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The Honolulu Advertiser
Posted on: Sunday, February 12, 2006

Memoirs all a fib by a jailbird

By Bob Krauss
Advertiser Columnist

I've just purchased a book written by an Advertiser reporter while he was jailed that has been called a masterpiece of literary forgery. No, the author wasn't Sammy Amalu. He was a character named William Francis Mannix, a member of Central Union Church.

This all started when I got a call from Frank Morgan in the Kohala Book Shop on the Big Island, where you'll find the biggest inventory of used Hawaiiana in the world outside of the Internet. When Morgan told me that an Advertiser reporter had forged a book in O'ahu County Jail on a typewriter donated by Gov. Walter Frear, I said: "How much do you want for the book?"

"Fifty dollars."

"I'll take it."

So here's the story of the book.

It appears that William F. Mannix first demonstrated his powers of invention during the 1895-98 revolution in Cuba. The news coming out of Cuba was rather tame until he appeared on the scene. Mannix sent reports from behind the lines where no one was permitted to go.

Mannix's brilliantly written articles were printed in the New York Times and newspapers in Philadelphia. His dispatches were eyewitness reports smuggled out. He wrote about ambushes of hated government troops and of heroic battles won by the rebels. He got exclusive interviews at rebel headquarters.

The Cuban government arrested Mannix and sent him packing. He became a hero on the lecture circuit in the United States until it came out that his Cuban stories were written while Mannix passed the time pleasantly in the cafe of the Hotel Mascotte in Havana with a drink at his elbow.

Discredited, he ended up in China, then at war with Japan. Li-Hung Chang, a respected Chinese diplomat, negotiated the peace while Mannix served in China as a private in a U.S. Army detachment. There is no record that Mannix ever got near Chang.

Now the scene opens in 1911 at Central Union Church in Honolulu, where Mannix presented fabricated letters of reference from West Coast ministers testifying to his pious reputation. He got a job on The Advertiser. Then he went on a toot and forged the name of Lorrin A. Thurston, Advertiser publisher, on a check.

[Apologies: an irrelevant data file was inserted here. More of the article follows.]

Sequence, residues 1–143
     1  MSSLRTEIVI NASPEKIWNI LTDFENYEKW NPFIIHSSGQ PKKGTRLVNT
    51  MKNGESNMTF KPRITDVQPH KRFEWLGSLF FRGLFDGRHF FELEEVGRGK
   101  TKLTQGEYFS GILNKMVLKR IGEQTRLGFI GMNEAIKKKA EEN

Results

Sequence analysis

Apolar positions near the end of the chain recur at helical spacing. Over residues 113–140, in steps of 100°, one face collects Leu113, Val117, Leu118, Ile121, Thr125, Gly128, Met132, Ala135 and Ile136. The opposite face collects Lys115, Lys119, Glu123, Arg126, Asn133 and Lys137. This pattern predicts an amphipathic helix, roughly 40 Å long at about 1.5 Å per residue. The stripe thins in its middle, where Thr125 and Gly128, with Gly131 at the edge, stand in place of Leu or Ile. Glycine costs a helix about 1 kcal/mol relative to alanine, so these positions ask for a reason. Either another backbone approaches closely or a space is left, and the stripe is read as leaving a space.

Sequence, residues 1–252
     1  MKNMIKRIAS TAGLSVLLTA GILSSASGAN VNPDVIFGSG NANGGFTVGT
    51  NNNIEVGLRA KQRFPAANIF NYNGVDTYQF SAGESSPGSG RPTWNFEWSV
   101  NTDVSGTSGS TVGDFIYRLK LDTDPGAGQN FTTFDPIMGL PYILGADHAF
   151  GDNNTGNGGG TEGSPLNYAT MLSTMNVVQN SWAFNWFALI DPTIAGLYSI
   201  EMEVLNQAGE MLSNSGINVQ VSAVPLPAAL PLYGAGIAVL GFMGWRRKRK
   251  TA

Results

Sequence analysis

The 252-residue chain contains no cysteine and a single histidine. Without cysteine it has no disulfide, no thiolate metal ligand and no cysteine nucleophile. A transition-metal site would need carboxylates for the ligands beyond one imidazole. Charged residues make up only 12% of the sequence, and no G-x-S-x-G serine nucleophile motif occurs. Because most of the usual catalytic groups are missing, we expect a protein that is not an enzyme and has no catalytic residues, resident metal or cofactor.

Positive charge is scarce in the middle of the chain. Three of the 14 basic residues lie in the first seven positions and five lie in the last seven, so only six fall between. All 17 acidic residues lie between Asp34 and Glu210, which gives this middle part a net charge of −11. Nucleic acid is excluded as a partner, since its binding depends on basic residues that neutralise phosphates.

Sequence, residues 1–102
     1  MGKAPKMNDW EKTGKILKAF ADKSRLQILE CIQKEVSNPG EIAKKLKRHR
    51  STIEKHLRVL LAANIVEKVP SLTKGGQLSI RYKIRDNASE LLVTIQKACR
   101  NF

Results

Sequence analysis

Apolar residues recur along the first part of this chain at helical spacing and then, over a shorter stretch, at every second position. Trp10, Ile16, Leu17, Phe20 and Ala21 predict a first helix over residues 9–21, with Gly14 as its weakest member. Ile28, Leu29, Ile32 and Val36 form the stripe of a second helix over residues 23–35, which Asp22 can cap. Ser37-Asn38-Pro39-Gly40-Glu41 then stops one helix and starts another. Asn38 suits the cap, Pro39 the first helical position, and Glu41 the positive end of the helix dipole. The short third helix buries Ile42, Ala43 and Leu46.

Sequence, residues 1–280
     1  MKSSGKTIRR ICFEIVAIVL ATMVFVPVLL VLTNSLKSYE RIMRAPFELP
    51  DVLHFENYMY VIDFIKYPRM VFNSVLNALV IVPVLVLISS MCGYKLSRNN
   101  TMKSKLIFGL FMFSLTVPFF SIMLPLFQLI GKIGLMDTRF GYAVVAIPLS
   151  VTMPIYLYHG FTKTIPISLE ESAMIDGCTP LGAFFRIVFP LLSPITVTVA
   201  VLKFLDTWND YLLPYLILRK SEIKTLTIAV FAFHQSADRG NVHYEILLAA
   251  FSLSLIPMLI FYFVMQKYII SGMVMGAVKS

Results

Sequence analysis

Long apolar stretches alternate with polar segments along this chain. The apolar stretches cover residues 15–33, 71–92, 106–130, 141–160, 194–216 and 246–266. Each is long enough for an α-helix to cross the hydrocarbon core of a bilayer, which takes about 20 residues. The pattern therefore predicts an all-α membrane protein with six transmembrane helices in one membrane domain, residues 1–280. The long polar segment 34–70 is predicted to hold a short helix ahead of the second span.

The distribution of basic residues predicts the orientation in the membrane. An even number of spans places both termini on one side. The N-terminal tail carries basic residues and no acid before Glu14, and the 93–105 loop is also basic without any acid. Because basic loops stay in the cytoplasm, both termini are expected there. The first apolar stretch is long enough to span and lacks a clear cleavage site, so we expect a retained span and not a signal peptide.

Thurston didn't want to prosecute, but the bank did, and Mannix was sentenced to a year in O'ahu County Jail. He asked for books to read on China to pass the time. Forgiving people brought him books. He wanted to write, a commendable activity, so Gov. Frear sent over an extra typewriter from his office.

On this typewriter, Mannix concocted stories about the Chinese celebrity Li-Hung Chang, written from nonexistent diaries. The articles were published in New York and London. A publisher suggested that Mannix expand the articles into a book. Mannix was happy to oblige and "Memoirs of Li-Hung Chang" was born, published in 1913 by Houghton-Mifflin Co.

Mannix bamboozled the publisher by corresponding from the O'ahu jail through a fictitious agent using the stationery of Pacific Associated Press, a nonexistent company with offices in Singapore and Tokyo that listed Mannix as president.

The manuscript was carefully checked by a China expert who found it highly informative. That's why the book is called a "masterpiece of literary forgery."

Mannix's introduction to Honolulu through Central Union Church was just as brilliant. Even when he went on benders, he confessed his sins and was forgiven. He didn't even serve a whole year in jail. The governor pardoned him after nine months. Sammy Amalu could have taken lessons.

It wasn't until an American diplomat who traveled with Li-Hung Chang read the book that things fell apart. For one thing, Mannix had Chang sailing from San Francisco, when he actually was in Vancouver, British Columbia. Then Mannix's real reputation caught up with him.

It's a very good book, only it's a forgery.

Reach Bob Krauss at 525-8073.